Let's alert Moody's and S&P and all those others that the governing party are spending treasury money by purchasing run down buildings and paying off debts by one of their croonies who poorly mismanaged a local supermarket chain...so glad we have a 'responsible' government in place that looks out for the best interests of the people before themselves...NOT!!

TalRussell 11 years, 7 months ago

Comrade BID seems to me like you are not aware that for many years millions dollars are deducted for NIB from the already dwindling paychecks of hard working Bahamians by their employers, that ends up being turned-over by the National insurance Board (NIB), which then is used by the government to purchase/build buildings and land?

Seems our governments prefer to borrow to help Bahamians and use NIB deductions to have fancy offices for they ministers?

The issue is nothing much changes from a FNM to a PLP administrator, both like to blame the other for everything and take no responsibly to change the way they conduct the peoples affairs.

Personally, I see no difference between the two law partners behavior as PM's, where there Is no desire to take responsibility. Bahamians thought they had a choice in 2012. They didn't. cause PM Christie is making them feel they might as well have stayed with Hubert?

No damn wonder the DNA got votes in 2012? Too bad Bran was such a piss-poor leader.


Puzzled 11 years, 7 months ago

*#Noting the Bahamas’ narrow tax base, and that one-off income flows from the Bahamas Telecommunications Company (BTC) privatisation and likes of Baha Mar had masked recurrent revenue weakness, Moody’s expressed huge doubt about the Government’s ability to effect a near-term turnaround. This is the fiscal position from which this government hopes to buy back a majority holding in BTC. This despite all the warnings from the financial ratings groups that their holdings in nationalised corporations is detrimental to the health of the economy. We do know the reason for holding onto these corporations it is commonly called nepotism.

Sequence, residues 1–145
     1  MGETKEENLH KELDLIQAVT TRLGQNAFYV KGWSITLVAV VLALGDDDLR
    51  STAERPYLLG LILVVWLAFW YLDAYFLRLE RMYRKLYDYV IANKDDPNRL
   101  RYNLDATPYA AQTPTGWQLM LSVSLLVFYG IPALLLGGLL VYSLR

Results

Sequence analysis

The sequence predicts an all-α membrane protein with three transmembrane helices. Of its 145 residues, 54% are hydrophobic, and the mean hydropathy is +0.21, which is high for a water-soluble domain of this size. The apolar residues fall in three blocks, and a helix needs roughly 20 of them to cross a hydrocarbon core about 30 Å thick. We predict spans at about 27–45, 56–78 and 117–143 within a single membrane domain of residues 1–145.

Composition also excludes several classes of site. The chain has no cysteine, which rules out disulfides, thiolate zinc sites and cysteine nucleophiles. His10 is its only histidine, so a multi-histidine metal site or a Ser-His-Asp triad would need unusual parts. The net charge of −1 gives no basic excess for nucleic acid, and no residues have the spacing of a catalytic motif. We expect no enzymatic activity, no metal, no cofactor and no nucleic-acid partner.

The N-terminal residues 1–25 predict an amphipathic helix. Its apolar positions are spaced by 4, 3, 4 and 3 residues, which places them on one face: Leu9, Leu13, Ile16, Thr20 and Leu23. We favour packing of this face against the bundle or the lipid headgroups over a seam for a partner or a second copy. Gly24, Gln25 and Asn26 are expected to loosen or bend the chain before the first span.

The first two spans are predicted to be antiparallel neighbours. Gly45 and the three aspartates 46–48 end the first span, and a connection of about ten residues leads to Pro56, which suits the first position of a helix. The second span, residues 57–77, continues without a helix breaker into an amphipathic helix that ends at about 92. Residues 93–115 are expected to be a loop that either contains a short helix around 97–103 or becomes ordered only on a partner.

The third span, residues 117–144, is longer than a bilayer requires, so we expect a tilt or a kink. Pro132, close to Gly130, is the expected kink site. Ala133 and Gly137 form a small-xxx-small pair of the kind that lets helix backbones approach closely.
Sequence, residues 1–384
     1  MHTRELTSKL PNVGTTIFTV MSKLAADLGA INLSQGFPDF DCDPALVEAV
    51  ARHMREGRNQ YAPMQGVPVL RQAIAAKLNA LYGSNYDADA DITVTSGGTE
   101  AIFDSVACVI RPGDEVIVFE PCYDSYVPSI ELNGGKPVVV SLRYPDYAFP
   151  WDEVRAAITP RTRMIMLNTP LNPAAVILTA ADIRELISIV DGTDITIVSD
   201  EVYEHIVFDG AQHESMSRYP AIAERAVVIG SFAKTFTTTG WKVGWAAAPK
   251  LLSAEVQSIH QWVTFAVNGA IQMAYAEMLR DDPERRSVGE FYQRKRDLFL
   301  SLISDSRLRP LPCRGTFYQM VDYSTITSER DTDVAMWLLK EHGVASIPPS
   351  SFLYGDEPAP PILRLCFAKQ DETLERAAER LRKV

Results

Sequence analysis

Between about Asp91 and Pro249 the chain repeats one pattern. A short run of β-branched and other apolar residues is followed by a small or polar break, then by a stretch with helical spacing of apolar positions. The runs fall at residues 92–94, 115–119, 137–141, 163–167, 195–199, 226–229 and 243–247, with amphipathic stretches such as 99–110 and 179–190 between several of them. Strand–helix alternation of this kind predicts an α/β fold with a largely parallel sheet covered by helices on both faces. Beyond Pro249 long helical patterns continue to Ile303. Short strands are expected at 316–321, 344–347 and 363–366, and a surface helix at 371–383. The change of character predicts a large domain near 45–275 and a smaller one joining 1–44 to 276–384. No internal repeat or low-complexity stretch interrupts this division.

concernedcitizen 11 years, 7 months ago


hnhanna 11 years, 7 months ago

Regrettably, this is not the first time we have been warned by an international agency. Back in 2003 the International Monetary Fund's (IMF) Article IV Consultation Report on The Commonwealth of The Bahamas raised several key concerns, namely: a. The failure of the Bahamian government to take aggressive measures to reduce large fiscal deficits and the growth of public debt. b. The failure of the Bahamian government to take even small steps in addressing the need for serious tax reform. c. The failure of the Bahamian government to take any measures to address the impending financial crisis in the National Insurance scheme. d. The failure of the Bahamian government to deal with the country's steady loss in external competitiveness; in particular, the need to undertake structural reforms in labor markets to reduce costs and the need to privatize utilities to lower utility costs. e. The repeated failure of the Bahamian government to develop current national income accounts that would support informed policymaking.

akbar 11 years, 7 months ago

We have learned that the selling of these utilities must be done in a manner which will be beneficial to the Bahamian population at large. We cannot only look at improved service (BTC seems to be lousier than before) we must now look at how these sales can empower our citizens financially. These companies such as GBPC, BTC, Bahamas Consolidated Water at the end of the day take huge profits and send them to their home companies in other countries. If we are going to liberalise these markets we cannot give these entities monopolies for such long periods. We should be able to invest in these corporations through IPOs from the onset and look at ways to keep some of these profits here through creation of vendors that these companies may need. We need to prepare ourselves for ownership not consumerism. Educate yourself make sure your children are getting "ownership education". These things may seem drastic to the public sector but opportunities abound.

yuzz3n 11 years, 4 months ago